This year’s London Marathon is set to be the biggest marathon staged, with organisers increasingly hopeful that a full national rollout of the Covid-19 vaccine will enable 100,000 runners to take part in the race on 3 October.
A record 50,000 people will be given the opportunity to run the 26.2 mile course from Blackheath to the Mall in central London – up more than 7,000 on the previous number of finishers – with another 50,000 being offered the chance to run or walk the race virtually across the globe during a 24-hour window.
That figure would smash the record for the most participants, held by the 2018 New York marathon, at 53,121 (though New York would retain the record for participants on the start line), but the London event’s director, Hugh Brasher, said his main focus for this year’s renewal was to provide a lifeline for thousands of struggling charities, make the race even more inclusive and offer “light and hope in the darkness of the pandemic”.
“It’s been a year of really terrible things happening, so it can be difficult for people to imagine the race going ahead as normal at a time where the news is so terrible about deaths, transmission rates and mutations,” said Brasher. “But we have real optimism, with four million people in the UK vaccinated already and the government saying that the whole of the population should be vaccinated by September.
“Doubling the number of people doing the London marathon will be a really important lifeline to charities in this incredibly difficult time for them. While allowing people to take part virtually also opens it up to those runners or walkers who might feel daunted by being in crowds, who need shielding, or simply want to break the challenge up into smaller bits throughout the day. We’ve always prided ourselves on our inclusivity. But this almost in a single stroke, magnifies it unbelievably.”
On Thursday, the London Marathon was awarded al Guinness World Records title for the most users to run a remote marathon in 24 hours after it staged a virtual mass participation race for the first time last October, with 37,996 runners using a special app that tracked their time and distance.
1981: The first London Marathon is staged. It attracts a small field with
just 6,255 finishers. Fewer than 300 are women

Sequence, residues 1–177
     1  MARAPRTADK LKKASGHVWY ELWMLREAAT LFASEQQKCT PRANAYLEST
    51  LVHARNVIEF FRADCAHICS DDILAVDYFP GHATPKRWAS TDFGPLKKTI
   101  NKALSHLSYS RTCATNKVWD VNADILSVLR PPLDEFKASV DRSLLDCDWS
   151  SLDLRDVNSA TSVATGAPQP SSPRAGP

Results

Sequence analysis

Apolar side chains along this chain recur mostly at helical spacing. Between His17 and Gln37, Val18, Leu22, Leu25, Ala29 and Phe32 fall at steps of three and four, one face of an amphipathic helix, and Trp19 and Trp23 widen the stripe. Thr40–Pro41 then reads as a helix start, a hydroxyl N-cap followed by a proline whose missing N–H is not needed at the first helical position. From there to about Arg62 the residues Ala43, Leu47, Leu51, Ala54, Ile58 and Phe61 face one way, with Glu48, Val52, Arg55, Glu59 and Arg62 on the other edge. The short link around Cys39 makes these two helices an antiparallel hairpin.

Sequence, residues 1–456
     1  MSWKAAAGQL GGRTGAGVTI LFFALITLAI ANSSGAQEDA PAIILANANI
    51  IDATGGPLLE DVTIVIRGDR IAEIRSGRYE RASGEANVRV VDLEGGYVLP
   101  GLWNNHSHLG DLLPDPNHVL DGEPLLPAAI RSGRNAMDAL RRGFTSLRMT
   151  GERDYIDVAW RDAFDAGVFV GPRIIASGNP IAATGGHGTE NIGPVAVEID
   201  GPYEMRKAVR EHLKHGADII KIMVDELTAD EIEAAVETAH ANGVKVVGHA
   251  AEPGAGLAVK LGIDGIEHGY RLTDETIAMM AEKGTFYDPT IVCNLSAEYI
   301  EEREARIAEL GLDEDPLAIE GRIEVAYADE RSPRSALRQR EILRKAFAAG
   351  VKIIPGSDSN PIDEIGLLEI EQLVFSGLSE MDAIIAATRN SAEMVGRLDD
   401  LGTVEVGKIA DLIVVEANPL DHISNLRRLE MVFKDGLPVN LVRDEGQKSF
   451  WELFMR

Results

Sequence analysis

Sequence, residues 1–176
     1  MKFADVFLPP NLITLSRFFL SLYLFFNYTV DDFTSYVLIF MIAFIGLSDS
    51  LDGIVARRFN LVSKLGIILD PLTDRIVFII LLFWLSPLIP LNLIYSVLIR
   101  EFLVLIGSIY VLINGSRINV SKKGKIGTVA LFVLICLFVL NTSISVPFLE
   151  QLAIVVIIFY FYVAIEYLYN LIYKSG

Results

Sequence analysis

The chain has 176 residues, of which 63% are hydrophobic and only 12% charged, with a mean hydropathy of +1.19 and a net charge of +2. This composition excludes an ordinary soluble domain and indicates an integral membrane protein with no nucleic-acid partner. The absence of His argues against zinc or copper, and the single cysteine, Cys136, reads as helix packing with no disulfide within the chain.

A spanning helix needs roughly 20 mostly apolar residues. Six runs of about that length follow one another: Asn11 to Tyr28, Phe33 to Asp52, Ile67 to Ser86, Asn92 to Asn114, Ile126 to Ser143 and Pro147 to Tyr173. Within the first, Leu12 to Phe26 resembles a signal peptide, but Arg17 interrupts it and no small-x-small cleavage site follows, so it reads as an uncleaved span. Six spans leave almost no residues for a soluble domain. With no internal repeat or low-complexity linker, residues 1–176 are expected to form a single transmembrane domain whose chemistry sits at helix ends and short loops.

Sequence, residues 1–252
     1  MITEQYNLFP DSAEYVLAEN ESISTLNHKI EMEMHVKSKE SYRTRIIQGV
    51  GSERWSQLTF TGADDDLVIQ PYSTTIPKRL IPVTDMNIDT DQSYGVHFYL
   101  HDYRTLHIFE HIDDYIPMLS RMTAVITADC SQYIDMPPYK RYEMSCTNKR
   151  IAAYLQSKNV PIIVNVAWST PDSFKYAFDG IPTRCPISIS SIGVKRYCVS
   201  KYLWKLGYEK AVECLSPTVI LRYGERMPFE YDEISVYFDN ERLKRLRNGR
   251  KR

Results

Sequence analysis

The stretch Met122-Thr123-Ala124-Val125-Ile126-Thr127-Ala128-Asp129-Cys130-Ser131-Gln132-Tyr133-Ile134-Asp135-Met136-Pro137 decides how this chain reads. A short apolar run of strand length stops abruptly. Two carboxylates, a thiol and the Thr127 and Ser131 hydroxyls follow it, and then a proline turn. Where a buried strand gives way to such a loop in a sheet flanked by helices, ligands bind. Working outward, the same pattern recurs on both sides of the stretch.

1986: First mini-marathon over the last 2.6 miles of the course with children from the 33 London boroughs taking part
1987: The race continues to rapidly expand, with more than 20,000 starters for the first time
1998: London marathon has 30,000 starters for the first time
2016: The millionth finisher crosses line. Organisers name her as Shannon Foudy from Luton who ran to raise funds for the hospital that saved her newborn daughter's life
2018: For the first time there are more female than male first-time
marathon runners in the list of the entrants
2019: Money raised for charity surpasses £1bn in total, after a record 42,000 people start the race
2020: Because of the pandemic an elite-only race is staged behind closed doors, with more than 37,000 finishers completing the first virtual event
When organisers examined the data they discovered that nearly 8,000 entrants finished in more than eight hours – far slower than a traditional marathon – with three people taking the maximum 23 hours and 59 minutes permitted. They hope by staging the virtual race again, and allowing competitors to tackle a marathon over a full day, it can inspire people to start exercising again to take on the challenge of going 26.2 miles.
“The world record-breaking success of the virtual event in 2020 and the incredible stories from participants across the globe showed how the world’s greatest marathon brought light and hope in the darkness of the pandemic,” said Brasher. “We want to offer that again and we have also accelerated the plans we have been working on for some years to increase the number of finishers on the streets of London to 50,000.
“It [26.2 miles] is a heck of a long way. But we know that if people want better physical health and better mental health, exercise does that. So the more we can inspire someone on that journey to start training, to start walking, to start running, the better. It’s just so good for the brain and your endorphins. And we absolutely believe this changes the London Marathon and amplifies its force for good in such an incredible way.”
Everyone who entered the ballot for this year’s race will find out on 8 February if they have been successful. Unsuccessful applicants will then have a one-week window to enter the virtual event, before it becomes open to everyone.
All participants will be sent running numbers and be given a finishers medal and T-shirt if they finish – regardless of where they are in the world.